AH-64E - Foreign Military Sales
- The Republic of Korea's Defense Acquisition Program Administration (DAPA) announced in April 2013 it will purchase 36 U.S. Army Apache (AH-64E) helicopters through Foreign Military Sales (FMS). The value of this FMS is estimated at $1.6 billion.
- In a first-of-its-kind deal worth about $500 million, the United States has agreed to sell eight new Apache Block III AH-64E attack helicopters and Longbow radars to Indonesia, Defense Secretary Chuck Hagel said 26 August 2013.
- On 27 January 2014 the Defense Security Cooperation Agency notified Congress of a possible Foreign Military Sale to Iraq for AH-64E APACHE LONGBOW Attack Helicopters and associated equipment, parts, training and logistical support for an estimated cost of $4.8 billion.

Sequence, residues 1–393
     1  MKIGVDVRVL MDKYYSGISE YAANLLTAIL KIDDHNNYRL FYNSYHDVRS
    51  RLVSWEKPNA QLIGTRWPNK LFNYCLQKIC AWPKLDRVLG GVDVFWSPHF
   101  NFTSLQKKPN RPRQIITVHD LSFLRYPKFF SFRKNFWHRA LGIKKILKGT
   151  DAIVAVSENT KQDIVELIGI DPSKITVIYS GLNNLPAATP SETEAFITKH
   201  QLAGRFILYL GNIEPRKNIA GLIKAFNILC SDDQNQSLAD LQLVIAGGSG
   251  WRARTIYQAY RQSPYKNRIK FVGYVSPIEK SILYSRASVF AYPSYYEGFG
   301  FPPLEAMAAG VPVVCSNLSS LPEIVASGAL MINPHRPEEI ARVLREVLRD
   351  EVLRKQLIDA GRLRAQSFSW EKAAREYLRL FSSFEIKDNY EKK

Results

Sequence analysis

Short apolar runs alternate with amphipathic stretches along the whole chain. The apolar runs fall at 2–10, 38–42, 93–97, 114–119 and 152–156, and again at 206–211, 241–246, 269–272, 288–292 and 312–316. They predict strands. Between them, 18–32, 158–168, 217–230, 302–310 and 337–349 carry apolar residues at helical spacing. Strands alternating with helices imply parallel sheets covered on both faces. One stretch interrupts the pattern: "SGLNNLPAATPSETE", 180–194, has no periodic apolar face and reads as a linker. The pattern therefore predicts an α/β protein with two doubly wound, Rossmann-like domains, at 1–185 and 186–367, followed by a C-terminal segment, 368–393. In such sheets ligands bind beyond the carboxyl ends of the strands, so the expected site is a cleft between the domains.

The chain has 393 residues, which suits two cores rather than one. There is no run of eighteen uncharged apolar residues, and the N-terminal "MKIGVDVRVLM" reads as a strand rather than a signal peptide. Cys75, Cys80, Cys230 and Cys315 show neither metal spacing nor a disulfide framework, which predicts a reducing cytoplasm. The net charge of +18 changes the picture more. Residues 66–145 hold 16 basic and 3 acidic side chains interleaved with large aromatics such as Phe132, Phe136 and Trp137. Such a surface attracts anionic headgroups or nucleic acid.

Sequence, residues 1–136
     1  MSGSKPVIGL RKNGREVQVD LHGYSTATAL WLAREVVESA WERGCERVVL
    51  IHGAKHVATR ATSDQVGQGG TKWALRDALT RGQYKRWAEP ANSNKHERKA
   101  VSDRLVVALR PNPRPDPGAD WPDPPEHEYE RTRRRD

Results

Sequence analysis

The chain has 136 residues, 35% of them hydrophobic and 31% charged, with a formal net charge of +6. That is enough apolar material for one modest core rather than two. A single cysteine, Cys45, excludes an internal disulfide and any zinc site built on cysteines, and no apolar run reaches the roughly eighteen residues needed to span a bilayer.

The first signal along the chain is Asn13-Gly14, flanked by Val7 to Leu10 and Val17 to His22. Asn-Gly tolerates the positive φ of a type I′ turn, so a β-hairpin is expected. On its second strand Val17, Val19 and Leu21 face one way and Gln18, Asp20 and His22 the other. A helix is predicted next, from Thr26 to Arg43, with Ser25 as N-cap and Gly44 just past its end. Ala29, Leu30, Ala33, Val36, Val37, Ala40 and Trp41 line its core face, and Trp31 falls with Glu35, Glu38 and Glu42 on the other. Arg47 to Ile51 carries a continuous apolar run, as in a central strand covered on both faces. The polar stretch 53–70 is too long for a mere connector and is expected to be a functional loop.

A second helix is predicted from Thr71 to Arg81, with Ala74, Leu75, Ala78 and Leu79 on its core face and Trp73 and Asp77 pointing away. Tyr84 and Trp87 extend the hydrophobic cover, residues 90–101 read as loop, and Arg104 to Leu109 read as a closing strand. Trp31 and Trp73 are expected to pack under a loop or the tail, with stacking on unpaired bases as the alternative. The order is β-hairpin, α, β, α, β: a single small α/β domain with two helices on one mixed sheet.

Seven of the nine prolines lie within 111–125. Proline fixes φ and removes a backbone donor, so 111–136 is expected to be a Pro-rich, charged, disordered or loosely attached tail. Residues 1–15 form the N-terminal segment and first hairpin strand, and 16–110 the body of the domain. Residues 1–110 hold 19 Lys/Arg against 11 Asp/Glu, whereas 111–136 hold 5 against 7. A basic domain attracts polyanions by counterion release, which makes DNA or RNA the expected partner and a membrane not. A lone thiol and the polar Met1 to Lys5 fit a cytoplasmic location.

- The first six of 30 Boeing AH-64E Apache “Guardian” attack helicopters ordered from the US were delivered in December 2013 under the Tian Ying, or “Sky Eagle” program. Taiwan was the first international customer for the Guardian model, which attained initial operating capability (IOC) in the US Army in November 2013.
- On November 20, 2019 the State Department made a determination approving a possible Foreign Military Sale to Morocco of thirty-six (36) AH-64E Apache attack helicopters and related equipment for an estimated cost of $4.25 billion. The Defense Security Cooperation Agency delivered the required certification notifying Congress of this possible sale on November 19, 2019.
The first international AH-64E Apache III was delivered in May 2012. More than 300 new and remanufactured international AH-64Ds and AH-64Es had been delivered or were in production as of September 2013. The ROK selected the AH-64E Apache equipped with the Longbow fire control radar as its new attack helicopter, increasing Korea’s ability to defend against land-based and littoral threats in the region. The Foreign Military Sales contract between the ROK Army and the U.S. Army for 36 AH-64E Apaches was signed in August 2013.